cover image Two Friends

Two Friends

Alberto Moravia, edited by Simone Casini, trans. from the Italian by Marina Harss. Other Press, $18.95 trade paper (352p) ISBN 978-1-59051-336-1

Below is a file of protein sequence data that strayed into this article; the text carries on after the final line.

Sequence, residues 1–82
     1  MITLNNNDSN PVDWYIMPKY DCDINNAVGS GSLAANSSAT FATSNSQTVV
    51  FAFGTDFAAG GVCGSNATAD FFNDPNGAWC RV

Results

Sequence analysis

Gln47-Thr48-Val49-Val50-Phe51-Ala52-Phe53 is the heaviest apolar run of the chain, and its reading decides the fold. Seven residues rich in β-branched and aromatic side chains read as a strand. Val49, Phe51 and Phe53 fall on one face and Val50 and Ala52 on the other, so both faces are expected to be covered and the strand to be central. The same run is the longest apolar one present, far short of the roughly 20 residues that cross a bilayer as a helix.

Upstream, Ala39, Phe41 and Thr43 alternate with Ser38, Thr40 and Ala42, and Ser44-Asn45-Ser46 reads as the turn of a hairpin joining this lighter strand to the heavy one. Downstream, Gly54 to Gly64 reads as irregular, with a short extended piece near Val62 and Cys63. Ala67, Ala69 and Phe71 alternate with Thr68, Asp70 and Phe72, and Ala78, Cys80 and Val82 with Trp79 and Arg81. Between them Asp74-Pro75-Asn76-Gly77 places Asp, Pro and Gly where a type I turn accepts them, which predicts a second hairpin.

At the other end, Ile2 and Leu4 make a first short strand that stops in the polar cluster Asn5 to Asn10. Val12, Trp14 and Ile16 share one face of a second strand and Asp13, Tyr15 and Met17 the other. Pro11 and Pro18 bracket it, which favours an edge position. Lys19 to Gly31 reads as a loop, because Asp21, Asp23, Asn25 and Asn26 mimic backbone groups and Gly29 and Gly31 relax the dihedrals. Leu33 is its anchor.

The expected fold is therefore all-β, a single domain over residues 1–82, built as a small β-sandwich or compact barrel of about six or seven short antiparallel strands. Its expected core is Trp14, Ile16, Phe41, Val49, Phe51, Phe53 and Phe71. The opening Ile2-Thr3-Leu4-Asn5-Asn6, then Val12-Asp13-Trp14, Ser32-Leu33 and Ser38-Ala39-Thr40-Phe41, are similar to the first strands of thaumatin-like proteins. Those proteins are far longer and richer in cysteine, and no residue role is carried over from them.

In this unfinished novella, discovered in a suitcase in 1996, Moravia (1907%E2%80%931990) offers three strikingly different portraits of a friendship poisoned by political fanaticism, unfolding as three variant drafts of the same story set in Rome after the fall of Fascism. Sergio, a poor, bitter intellectual, is both drawn toward and repelled by his wealthy friend Maurizio. Consumed by rivalry and feelings of inferiority, Sergio is determined to persuade Maurizio to join the Communist Party. In turn, Maurizio seeks to undermine Sergio's moral smugness by coaxing him into strategies that are by turns brutal and humiliating, and using Sergio's besotted girlfriend as an unwitting pawn. Through Sergio and Maurizio's ideological competition, Moravia exposes the savagery and pettiness beneath their noble ideals. It is a world in which every personal encounter doubles as a political act, bleached of its emotional relevance and human meaning, its tone and existential disarray reminiscent of Kundera's Unbearable Lightness of Being. Because Moravia often burned early drafts of his finished works, this book offers a rare glimpse into his process, the evolution of schematic characters into realized beings, and the construction of a disturbing allegory about romance, passion, and politics gone terribly awry. (Aug.)